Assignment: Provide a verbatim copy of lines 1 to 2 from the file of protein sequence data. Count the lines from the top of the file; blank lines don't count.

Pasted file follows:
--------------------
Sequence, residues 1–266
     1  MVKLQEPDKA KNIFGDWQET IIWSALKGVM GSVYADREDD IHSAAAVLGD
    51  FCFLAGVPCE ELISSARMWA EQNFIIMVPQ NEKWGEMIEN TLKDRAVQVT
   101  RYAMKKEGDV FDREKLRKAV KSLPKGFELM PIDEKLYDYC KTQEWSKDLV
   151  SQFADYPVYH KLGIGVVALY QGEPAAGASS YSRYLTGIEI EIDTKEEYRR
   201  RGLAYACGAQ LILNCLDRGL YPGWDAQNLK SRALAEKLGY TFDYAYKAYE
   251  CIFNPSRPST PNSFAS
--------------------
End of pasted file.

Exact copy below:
Sequence, residues 1–266
     1  MVKLQEPDKA KNIFGDWQET IIWSALKGVM GSVYADREDD IHSAAAVLGD